The UK’s coronavirus death toll in hospitals has risen by 133 to 31,469.
The tragic figure includes 115 deaths in England, nine in Scotland, eight in Wales and one in Northern Ireland.
It is a drop of nearly 40% on yesterday’s 215 fatalities among coronavirus patients – the highest figure in two weeks.
A week ago health authorities reported 213 deaths among coronavirus patients in hospitals.
Sadly the true number of lives lost to the virus is far higher, with official figures revealing it has crossed 50,000.
Just weeks ago this was reported to be the government’s “worst case” scenario, and experts have warned of a second wave still to come.
A total of 2,395 patients have now died in Scotland after testing positive for coronavirus, First Minister Nicola Sturgeon said earlier.
The death toll in Wales since the start of the pandemic is 1,379, while 27,159 have died in English hospitals.
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The number of Covid-19 deaths continues to rise
Patients who died in England were aged between 26 and 100, with five – aged between 53 and 97 – having no known underlying health conditions.
NHS England has provided a regional breakdown showing where the deaths occurred:
East of England – 12 London – 8 Midlands – 24 North East & Yorkshire – 21 North West – 22 South East – 20 South West – 8
The Department of Health and Social Care death toll – which includes those who died outside of hospital, including in care homes – is currently 39,728.
But data released on Tuesday by the Office for National Statistics (ONS) said that by May 22, Covid-19 was mentioned on 43,837 death certificates in England and Wales.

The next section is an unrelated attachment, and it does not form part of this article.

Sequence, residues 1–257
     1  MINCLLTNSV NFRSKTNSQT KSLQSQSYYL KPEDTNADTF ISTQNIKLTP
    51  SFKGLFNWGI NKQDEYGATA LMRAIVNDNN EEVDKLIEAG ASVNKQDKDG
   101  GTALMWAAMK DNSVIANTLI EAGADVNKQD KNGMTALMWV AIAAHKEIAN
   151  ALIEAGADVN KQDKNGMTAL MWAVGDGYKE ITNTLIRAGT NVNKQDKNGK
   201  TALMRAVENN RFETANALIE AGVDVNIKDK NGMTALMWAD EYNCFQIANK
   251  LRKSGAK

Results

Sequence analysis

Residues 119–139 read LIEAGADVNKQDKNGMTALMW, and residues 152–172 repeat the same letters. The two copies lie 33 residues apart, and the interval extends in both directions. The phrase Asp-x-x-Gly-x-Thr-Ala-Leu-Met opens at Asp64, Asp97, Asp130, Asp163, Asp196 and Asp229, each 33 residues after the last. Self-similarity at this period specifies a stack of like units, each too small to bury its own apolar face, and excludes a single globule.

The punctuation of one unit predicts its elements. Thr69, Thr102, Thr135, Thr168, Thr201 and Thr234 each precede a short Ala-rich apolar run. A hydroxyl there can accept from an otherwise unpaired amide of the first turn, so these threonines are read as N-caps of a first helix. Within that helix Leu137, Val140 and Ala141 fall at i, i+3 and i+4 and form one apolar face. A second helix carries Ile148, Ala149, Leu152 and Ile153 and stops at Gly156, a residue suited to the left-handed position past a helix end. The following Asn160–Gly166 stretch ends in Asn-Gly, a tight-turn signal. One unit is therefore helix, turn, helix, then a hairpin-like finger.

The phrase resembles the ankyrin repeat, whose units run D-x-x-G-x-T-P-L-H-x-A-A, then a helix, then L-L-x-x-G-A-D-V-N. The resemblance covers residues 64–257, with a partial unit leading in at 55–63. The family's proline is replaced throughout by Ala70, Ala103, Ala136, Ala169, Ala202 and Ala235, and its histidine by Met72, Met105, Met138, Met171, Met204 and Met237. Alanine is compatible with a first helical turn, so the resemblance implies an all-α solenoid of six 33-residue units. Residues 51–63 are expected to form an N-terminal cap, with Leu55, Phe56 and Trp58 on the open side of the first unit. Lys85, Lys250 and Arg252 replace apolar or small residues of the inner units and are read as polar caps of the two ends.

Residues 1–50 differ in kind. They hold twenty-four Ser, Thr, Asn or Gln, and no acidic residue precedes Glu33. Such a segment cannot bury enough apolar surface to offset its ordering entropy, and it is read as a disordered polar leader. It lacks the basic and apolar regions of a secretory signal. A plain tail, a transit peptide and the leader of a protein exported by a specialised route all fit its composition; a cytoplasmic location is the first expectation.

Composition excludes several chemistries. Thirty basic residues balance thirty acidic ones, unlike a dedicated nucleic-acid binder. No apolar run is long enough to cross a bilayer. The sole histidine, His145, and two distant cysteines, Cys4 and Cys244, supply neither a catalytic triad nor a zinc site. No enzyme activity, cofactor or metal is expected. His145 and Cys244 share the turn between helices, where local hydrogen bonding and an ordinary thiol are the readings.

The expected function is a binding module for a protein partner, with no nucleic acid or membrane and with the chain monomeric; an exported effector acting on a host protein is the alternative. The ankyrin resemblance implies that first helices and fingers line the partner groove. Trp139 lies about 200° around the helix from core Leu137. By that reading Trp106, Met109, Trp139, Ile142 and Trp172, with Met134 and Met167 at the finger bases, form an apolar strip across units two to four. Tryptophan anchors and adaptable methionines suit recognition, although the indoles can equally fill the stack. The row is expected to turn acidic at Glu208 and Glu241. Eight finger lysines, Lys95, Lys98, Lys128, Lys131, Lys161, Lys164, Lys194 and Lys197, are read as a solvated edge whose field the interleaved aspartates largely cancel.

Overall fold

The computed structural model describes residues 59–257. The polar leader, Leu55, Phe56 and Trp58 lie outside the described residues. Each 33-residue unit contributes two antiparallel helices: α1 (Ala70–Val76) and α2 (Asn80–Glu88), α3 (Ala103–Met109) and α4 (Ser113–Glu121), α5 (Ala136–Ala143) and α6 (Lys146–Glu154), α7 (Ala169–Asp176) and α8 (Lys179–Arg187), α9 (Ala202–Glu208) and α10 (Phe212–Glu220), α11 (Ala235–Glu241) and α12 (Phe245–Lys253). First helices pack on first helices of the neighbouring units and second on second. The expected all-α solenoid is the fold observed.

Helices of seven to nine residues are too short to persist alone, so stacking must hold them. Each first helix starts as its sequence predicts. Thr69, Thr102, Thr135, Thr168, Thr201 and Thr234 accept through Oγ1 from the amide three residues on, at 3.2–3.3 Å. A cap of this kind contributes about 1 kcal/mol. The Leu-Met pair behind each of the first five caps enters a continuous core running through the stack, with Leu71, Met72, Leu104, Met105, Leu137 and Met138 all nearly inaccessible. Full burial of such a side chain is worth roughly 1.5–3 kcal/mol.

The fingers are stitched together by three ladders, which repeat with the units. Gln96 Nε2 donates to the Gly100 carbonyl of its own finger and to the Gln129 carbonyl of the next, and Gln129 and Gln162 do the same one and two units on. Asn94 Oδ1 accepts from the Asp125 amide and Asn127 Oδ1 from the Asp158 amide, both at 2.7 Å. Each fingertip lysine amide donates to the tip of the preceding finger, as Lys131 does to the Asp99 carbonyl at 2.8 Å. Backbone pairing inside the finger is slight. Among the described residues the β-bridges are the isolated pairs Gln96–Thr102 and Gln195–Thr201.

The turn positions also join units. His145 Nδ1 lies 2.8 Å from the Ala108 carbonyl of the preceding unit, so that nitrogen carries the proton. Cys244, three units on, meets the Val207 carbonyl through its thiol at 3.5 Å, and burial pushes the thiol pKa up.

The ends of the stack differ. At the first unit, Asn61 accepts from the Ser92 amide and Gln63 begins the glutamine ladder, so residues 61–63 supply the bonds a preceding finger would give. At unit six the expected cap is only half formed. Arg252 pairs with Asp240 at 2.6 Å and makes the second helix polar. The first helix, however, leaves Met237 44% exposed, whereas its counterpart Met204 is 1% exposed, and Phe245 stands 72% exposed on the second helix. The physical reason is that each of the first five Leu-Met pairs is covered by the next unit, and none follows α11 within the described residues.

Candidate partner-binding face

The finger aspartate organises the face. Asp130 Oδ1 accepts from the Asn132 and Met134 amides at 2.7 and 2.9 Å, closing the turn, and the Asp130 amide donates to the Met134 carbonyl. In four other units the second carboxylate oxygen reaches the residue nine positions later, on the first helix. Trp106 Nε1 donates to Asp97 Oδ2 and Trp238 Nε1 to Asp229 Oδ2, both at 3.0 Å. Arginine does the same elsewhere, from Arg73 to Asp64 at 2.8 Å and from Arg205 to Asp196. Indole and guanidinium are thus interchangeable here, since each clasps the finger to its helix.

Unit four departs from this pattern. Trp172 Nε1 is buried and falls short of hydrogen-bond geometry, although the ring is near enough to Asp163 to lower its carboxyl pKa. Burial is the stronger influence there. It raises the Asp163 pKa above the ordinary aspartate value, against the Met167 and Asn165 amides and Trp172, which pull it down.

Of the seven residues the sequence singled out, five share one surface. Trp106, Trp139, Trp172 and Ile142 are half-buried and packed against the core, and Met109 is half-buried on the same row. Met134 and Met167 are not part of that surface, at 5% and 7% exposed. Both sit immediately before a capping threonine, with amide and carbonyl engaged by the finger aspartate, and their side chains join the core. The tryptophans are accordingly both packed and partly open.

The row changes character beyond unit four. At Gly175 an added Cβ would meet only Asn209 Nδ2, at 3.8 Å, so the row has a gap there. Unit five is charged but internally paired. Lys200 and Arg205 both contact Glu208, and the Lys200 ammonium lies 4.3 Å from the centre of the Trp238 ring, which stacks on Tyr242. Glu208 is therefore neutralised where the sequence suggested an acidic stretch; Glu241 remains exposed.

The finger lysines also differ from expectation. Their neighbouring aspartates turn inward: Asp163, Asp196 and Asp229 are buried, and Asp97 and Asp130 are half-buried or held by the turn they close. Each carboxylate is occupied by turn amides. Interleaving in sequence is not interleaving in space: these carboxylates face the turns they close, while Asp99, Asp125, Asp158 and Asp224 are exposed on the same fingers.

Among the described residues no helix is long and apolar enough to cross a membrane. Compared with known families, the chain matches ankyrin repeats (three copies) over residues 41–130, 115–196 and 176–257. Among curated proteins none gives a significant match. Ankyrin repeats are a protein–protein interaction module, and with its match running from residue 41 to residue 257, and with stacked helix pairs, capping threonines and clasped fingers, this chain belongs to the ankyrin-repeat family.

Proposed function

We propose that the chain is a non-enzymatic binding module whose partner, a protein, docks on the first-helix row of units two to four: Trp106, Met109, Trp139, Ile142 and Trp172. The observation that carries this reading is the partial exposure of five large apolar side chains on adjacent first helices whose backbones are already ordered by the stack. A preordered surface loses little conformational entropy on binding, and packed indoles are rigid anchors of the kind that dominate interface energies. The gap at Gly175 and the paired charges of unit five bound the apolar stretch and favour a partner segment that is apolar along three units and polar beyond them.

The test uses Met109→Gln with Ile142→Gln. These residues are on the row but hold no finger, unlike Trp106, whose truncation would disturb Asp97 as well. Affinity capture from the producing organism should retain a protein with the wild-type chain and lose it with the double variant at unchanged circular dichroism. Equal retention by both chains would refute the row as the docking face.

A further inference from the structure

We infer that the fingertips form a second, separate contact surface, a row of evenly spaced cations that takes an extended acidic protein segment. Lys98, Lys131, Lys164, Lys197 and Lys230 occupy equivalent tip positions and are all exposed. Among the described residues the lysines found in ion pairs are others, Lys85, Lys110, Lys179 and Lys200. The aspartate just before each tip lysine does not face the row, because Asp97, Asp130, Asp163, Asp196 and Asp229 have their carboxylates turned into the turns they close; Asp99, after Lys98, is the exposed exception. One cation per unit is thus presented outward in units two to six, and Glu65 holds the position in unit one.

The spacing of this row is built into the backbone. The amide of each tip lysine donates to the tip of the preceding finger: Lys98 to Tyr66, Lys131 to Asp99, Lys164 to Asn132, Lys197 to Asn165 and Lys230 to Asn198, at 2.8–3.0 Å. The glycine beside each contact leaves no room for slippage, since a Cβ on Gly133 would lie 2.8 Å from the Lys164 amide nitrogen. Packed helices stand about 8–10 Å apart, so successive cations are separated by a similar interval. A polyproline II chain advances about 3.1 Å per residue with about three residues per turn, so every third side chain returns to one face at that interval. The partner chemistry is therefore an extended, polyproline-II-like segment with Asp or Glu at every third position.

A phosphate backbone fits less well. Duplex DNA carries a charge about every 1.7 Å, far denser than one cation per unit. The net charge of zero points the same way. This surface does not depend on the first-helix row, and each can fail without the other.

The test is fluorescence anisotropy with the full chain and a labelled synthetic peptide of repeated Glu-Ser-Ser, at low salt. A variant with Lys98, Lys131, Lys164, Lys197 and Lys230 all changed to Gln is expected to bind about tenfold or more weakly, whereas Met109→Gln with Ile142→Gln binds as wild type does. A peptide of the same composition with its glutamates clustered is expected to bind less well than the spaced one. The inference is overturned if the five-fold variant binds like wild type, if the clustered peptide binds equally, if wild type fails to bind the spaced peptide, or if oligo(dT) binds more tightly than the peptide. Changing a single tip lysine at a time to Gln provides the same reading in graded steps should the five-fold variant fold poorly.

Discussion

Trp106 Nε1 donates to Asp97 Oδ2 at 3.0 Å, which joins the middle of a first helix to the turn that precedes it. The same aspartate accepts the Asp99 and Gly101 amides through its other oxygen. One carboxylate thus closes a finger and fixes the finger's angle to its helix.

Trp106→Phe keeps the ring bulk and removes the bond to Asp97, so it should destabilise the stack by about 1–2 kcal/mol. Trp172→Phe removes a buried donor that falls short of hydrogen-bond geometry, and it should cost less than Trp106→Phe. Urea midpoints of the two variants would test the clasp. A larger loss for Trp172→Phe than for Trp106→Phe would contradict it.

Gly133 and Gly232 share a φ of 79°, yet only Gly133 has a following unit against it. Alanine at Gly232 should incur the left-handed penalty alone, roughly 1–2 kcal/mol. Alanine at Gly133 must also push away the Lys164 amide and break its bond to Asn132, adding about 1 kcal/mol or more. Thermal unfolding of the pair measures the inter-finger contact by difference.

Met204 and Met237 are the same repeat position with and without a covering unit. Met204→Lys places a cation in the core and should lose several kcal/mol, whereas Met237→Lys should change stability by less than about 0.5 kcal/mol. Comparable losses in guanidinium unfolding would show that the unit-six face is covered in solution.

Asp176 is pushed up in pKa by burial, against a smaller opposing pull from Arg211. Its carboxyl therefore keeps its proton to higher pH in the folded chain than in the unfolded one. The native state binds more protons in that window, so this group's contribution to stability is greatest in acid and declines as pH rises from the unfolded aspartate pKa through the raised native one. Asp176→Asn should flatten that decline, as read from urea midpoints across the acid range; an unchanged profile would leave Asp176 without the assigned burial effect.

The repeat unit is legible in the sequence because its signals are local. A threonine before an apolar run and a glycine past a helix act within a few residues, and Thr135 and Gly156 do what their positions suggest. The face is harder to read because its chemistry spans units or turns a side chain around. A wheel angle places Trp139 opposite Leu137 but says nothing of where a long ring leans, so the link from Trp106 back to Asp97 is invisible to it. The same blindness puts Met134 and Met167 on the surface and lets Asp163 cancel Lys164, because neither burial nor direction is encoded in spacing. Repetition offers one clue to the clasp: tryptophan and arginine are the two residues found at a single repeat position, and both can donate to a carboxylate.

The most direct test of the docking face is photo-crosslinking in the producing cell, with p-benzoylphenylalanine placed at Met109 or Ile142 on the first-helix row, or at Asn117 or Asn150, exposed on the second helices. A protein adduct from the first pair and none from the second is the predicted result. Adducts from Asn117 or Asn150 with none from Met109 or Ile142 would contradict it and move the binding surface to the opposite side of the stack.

By the time deaths in Scotland and Northern Ireland, and Department for Health figures are added, the toll is nearing 51,000.
The government has come under fire after Prime Minister Boris Johnson said he was “proud” of the UK’s response to the crisis.
The UK yesterday recorded more deaths than the rest of Europe put together
(Image: Getty Images)
World Health Organisation reports say 332 new daily deaths were officially reported by the 27 EU countries in the most recent period to June 3.
In the same period, the UK recorded 324 deaths, according to the WHO situation report.
Ministers and scientists have warned the figures cannot be directly compared, because each country measures deaths differently.
Reporting periods won’t overlap exactly and, in some cases, deaths may not be counted in all settings like care homes as they are in the UK.
Mr Johnson told the House of Commons: said: “I take full responsibility for everything that this Government have been doing in tackling coronavirus, and I am very proud of our record.
Deaths in UK hospitals so far: 31,469
Deaths across all settings: 39,369
(The two figures above count all people who have had a positive test result confirmed by a Public Health or NHS lab in the UK)
Total deaths registered so far: 43,837
(This is the number of registered deaths in England and Wales where Covid-19 was mentioned on the death certificate)
Excess deaths so far in 2020: 56,308
(The number of deaths in England and Wales above the average amount, but not necessarily caused by Covid-19)
Sources: coronavirus.data.gov.uk and ONS
“If you look at what we have achieved so far, it is very considerable.
“We have protected the NHS. We have driven down the death rate. We are now seeing far fewer hospital admissions.
“I believe that the public understand that, with good British common sense, we will continue to defeat this virus and take this country forward.”